Investing isn't easy. Even Warren Buffett counsels that most investors should invest in a low-cost index like the S&P 500. He says that way "you'll be buying into a wonderful industry, which in effect is all of American industry.

But there are, of course, companies whose long-term fortunes differ substantially from the index. In this series, we look at how individual stocks have performed against the broad S&P 500.

Step on up, Duke Energy (NYSE: DUK).                                             

Duke Energy shares have slightly outperformed the S&P 500 over the last quarter-century:

Source: S&P Capital IQ.

Since 1987, shares have returned an average of 10.5% a year, compared with 9.7% a year for the S&P (both include dividends). That difference adds up fast. One thousand dollars invested in the S&P in 1987 would be worth $19,200 today. In Duke Energy, it'd be worth $24,100.

Dividends accounted for a lot of those gains. Compounded since 1987, dividends have made up about 90% of Duke Energy's total returns. For the S&P, dividends account for 39% of total returns.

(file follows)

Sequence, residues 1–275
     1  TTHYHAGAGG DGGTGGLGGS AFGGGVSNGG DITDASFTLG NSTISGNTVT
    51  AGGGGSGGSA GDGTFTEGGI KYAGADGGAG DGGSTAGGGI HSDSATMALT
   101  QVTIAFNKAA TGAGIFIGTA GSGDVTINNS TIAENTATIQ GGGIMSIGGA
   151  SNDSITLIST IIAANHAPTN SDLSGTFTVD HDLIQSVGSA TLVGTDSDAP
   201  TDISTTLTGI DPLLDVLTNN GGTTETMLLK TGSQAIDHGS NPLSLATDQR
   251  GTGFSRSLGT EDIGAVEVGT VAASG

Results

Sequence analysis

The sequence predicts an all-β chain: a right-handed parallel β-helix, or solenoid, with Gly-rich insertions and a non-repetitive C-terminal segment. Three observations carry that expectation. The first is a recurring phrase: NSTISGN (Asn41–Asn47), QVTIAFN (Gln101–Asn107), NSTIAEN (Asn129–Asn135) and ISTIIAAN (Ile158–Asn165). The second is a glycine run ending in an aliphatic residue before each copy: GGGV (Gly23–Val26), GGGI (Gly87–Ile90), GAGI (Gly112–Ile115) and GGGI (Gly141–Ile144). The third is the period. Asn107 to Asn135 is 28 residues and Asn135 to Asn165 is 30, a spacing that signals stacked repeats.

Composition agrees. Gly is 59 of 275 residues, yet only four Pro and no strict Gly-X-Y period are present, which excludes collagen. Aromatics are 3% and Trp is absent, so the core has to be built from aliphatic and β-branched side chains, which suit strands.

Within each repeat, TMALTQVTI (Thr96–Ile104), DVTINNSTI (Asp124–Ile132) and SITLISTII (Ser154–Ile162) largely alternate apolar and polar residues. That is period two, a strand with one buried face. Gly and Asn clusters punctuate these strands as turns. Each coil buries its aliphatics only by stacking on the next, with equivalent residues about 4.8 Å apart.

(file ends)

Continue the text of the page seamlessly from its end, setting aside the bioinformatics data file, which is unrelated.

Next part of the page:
Now have a look at how Duke Energy earnings compare with S&P 500 earnings:

Source: S&P Capital IQ.

Some underperformance here. Since 1995, Duke Energy earnings per share have remained roughly flat, compared with 6% a year growth for the broader index.

What's that meant for valuations? Duke Energy has traded for an average of 16 times earnings since 1987 -- a bit below the 24 times earnings of the broader S&P 500.

Through it all, shares have been fairly strong performers over the last quarter-century.  

Of course, the important question is whether that will continue. That's where you come in. Our CAPS community currently ranks Duke Energy with a four-star rating (out of five). Care to disagree? Leave your thoughts in the comment section below, or add Duke Energy to My Watchlist.

This article represents the opinion of the writer, who may disagree with the “official” recommendation position of a Motley Fool premium advisory service. We’re motley! Questioning an investing thesis -- even one of our own -- helps us all think critically about investing and make decisions that help us become smarter, happier, and richer.